Meanwhile, in Australia it’s also a third of the population that wants to pirate the upcoming season of Game of Thrones….. despite the fact that Foxtel has lowered its prices and “the excuses around pricing are getting increasingly hollow.”) Foxtel has been energetically squelching pirates in various ways: going to court to get site blocking orders against an additional 128 pirate domains, and getting Facebook to close down live feeds of the recent Horn-Pacquiao title fight. (Foxtel said they would consider legal action – richly deserved – against those trying to stream the fight illegally on Facebook. But I don’t think they’ll really do it – suing individuals is pretty much a last resort for reputable companies.)
We’ve been following the moves by Thailand’s NBTC to regulate OTT services. Last week, John Medeiros told members of the Regulatory and Anti-piracy Committee that the NBTC was planning a “light touch” regime – at least as far as traditional and OTT content providers are concerned. (A fuller report is available to Committee members.) Google, Facebook, and friends have been denouncing what they see as the heavy touch that would apply to them – as platforms, not content suppliers. But now, in an unexpected move, the NBTC has announced a decision to scrap its previously-announced plans to require certain OTT content providers offering their services in Thailand to register themselves by no later than July 22nd. But this does not mean that the Thai government has given up on its efforts to regulate OTT content providers. Far from it, a new framework meant to replace the failed one is already in the works, and is supposed to be completed within the next 90 days. This time, however, there are supposed to be public hearings, the NBTC’s full Commission is to monitor the drafting process, and the final regulations will need to be approved by the NBTC board before any enforcement actions can be made. Stay tuned for the next
chapter in this saga.
Top stories from the CASBAA OTT Group Newsfeed this week include: Optus has agreed to provide a National Geographic app to postpaid customers on a zero-rated basis. The National Geographic app includes a comprehensive curated experience with a library of videos, two live TV channels and more. See Why ITV sees upside in a Netflix-like ad-free service. The rise of the virtual MVPD continues with HBO and Cinemax now being available via Hulu For a fantastic macro-view of the media business, 56 minutes spent listening to the Recode interview of BTIG analyst Rich Greenfield is great value. And just fun there is a interesting read asking the question, In the Age of Streaming TV, Who Needs Title Sequences?
Some of the results are in from China’s Ministry of Culture who has said it is determined to clean up the internet and has been looking at around 30 live broadcasting platforms out of 50 internet companies, including huya.com, yy.com, longzhu.com, huomao.com and miaopai.com. More than 10,000 live streaming feeds & apps were checked, with only a handful being registered and investigated and 11 shut down, such as 5kong.tv. These platforms were all found to show pornographic content. The ministry also investigated the app stores of Baidu, Tencent, 360, Huawei and Xiaomi, and removed around 300 live streaming apps. In addition more than 30,000 live streaming performers have been reprimanded and almost 10,000 were removed for pornographic content.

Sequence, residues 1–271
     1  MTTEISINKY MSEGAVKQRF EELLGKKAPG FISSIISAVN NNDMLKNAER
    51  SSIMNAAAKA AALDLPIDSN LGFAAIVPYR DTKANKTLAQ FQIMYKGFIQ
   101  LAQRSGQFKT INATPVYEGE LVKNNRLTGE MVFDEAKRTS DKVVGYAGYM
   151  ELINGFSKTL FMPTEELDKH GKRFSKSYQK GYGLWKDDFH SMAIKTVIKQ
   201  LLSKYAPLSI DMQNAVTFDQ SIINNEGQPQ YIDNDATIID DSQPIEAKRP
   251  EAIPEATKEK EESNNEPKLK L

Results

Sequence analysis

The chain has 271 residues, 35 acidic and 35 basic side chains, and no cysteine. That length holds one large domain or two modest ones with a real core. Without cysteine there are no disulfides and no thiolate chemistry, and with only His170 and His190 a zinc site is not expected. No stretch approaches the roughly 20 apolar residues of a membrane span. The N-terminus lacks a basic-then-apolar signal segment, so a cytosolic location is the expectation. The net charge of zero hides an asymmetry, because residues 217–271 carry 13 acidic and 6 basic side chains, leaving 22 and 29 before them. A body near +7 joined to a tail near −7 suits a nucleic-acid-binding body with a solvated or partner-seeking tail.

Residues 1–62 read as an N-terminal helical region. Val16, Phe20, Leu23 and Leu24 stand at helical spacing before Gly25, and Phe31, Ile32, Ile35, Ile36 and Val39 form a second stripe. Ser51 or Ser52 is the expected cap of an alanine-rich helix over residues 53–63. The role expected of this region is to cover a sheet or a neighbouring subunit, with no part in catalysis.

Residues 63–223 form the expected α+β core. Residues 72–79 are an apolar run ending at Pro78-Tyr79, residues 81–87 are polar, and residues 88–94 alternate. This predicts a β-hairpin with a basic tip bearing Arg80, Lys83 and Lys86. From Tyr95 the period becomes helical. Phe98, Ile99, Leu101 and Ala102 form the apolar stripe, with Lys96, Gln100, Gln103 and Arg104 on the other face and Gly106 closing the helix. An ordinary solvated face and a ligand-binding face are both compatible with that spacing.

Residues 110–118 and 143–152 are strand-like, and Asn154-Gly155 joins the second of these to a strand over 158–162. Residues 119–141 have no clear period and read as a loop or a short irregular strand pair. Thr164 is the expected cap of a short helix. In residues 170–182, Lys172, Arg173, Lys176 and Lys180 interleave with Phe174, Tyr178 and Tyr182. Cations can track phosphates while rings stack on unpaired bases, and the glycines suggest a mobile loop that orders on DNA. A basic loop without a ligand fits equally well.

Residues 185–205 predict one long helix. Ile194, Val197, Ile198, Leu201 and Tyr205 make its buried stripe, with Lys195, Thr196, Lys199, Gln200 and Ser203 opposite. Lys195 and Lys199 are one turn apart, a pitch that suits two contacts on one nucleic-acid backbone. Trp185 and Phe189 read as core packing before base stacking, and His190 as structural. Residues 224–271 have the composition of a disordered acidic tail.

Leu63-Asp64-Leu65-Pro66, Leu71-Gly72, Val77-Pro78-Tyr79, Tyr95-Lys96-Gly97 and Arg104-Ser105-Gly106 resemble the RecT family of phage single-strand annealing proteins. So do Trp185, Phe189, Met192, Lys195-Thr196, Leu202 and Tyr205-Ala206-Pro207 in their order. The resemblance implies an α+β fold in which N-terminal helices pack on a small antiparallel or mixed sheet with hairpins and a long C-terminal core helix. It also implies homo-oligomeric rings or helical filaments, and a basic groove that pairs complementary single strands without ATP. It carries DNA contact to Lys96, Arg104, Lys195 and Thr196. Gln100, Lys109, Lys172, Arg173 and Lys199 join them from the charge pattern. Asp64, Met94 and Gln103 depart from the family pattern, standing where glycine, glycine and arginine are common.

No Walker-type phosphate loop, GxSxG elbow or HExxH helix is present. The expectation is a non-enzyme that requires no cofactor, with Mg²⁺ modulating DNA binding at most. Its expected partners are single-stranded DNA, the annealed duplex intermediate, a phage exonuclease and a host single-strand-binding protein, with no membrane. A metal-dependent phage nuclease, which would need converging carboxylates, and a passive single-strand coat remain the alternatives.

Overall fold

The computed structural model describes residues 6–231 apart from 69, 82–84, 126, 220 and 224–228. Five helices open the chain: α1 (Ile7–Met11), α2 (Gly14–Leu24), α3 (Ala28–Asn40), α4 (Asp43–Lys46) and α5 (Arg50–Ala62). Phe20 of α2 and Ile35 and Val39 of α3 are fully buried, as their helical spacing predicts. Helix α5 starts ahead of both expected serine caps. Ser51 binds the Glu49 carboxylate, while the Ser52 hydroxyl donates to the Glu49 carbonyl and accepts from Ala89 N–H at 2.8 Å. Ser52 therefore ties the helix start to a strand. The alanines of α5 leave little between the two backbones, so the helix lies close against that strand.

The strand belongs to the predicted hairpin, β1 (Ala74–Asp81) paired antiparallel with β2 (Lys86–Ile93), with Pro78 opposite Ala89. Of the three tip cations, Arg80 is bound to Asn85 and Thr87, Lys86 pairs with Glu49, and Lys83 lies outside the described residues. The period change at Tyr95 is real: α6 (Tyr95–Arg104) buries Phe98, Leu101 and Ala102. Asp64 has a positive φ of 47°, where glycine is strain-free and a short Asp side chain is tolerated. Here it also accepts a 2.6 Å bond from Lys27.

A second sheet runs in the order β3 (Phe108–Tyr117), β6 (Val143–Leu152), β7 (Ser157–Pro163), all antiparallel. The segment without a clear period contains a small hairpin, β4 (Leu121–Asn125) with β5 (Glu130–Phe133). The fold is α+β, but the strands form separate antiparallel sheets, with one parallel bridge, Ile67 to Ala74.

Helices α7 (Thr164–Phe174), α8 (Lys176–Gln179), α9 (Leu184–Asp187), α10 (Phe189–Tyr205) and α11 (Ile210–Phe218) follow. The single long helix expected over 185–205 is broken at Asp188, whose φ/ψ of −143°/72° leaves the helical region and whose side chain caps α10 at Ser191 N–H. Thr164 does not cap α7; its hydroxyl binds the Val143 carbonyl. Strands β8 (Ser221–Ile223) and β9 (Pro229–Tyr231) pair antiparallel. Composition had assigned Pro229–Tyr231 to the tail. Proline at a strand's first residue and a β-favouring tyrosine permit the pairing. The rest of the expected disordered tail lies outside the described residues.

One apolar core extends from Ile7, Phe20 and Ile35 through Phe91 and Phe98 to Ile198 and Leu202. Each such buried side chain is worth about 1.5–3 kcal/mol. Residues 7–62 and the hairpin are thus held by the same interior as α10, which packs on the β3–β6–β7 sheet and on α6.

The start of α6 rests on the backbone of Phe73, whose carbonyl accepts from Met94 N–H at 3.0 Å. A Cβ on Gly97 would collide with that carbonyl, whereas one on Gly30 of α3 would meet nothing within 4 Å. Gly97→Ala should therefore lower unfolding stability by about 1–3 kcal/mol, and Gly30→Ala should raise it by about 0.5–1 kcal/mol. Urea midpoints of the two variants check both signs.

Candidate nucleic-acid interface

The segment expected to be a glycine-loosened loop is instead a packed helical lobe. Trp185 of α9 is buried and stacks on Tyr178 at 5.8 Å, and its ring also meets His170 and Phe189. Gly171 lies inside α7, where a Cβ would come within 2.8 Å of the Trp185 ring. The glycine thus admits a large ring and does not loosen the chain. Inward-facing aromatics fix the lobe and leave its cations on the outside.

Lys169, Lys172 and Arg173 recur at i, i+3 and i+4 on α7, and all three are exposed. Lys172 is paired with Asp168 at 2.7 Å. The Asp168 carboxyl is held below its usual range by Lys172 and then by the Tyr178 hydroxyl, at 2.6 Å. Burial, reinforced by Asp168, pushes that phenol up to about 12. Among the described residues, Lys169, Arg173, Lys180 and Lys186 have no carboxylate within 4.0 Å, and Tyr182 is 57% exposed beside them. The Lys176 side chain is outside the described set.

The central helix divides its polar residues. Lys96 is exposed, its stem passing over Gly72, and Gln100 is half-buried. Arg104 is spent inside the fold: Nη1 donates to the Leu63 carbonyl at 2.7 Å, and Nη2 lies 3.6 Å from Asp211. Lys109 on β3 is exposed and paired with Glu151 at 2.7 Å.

A new UK study – Get with the programmes – reveals the mechanics of TV sponsorship and its ability to build affinity for brands. It provides marketers with the evidence and benchmarks with which they can measure the impact TV sponsorship will have on their business. People love their favourite TV shows and brands that sponsor them can share in that love and borrow from it. That is the central finding from research by YouGov and House 51, commissioned by Thinkbox, the marketing body for commercial TV in the UK.
This week saw the launch of China’s Long March 5 end in failure when the rocket malfunctioned during flight. Something went wrong soon after launch, and state-run media unexpectedly ended their live video coverage of the launch without explanation. The country’s premier heavy-lift rocket was set to deploy a Chinese communications satellite. It’s a significant loss for China and its failure could have a significant impact on the future of China’s ambitions in the satellite business and plans for space exploration.
- BBC to reinvent itself for a new generation
- Deutsche Telekom selects Accedo for live VR concerts
- Doordarshan in talks with Disney for kiddy content
- Encompass Expands Its Operations into Eastern Europe
- Intelsat 35e launches successfully
- Star India issues disconnection notice to Reliance Digital TV for non-payment of dues
- Star to launch India’s first private FTA sports channel
- TrueVisions calls for help with piracy
- ZEE Entertainment recognised as one of ‘India’s Best Companies to Work For – 2017’
- ZTE integrates next generation Conax security
- Asian broadcasters using YouTube as a distributor will be ‘dead within two years’
- ASTRA CEO quits
- Bangladesh braces up to keep tabs on online media
- Bangladeshi Cabinet approves new company to operate Bangabandhu Satellite
- Crisis Grows at China’s LeEco After Courts Freeze Chairman’s Millions
- Global pay-TV subscriber growth in slowdown
- India: Analogue TV equipment may be seized, government warns
- India: BARC ropes in Nielsen, moves closer to digital measurement
- India: DTH subscriber addition disappointing in calendar 2016
- India: Smuggled STBs & Indian DTH may be used, IBF advises Nepal to defer Clean Feed
- Japan cable TV providers to issue IDs to subscribers
- Russia and China accelerate TV content exchange
- Taiwan: MOD disruption draws lawmakers’ attention
- Tencent Loses $14 Billion After Criticism From Chinese Media
- The Kodi Apocalypse
- Vivendi Receives Anti-Trust Board Approval to Acquire Majority Stake in Havas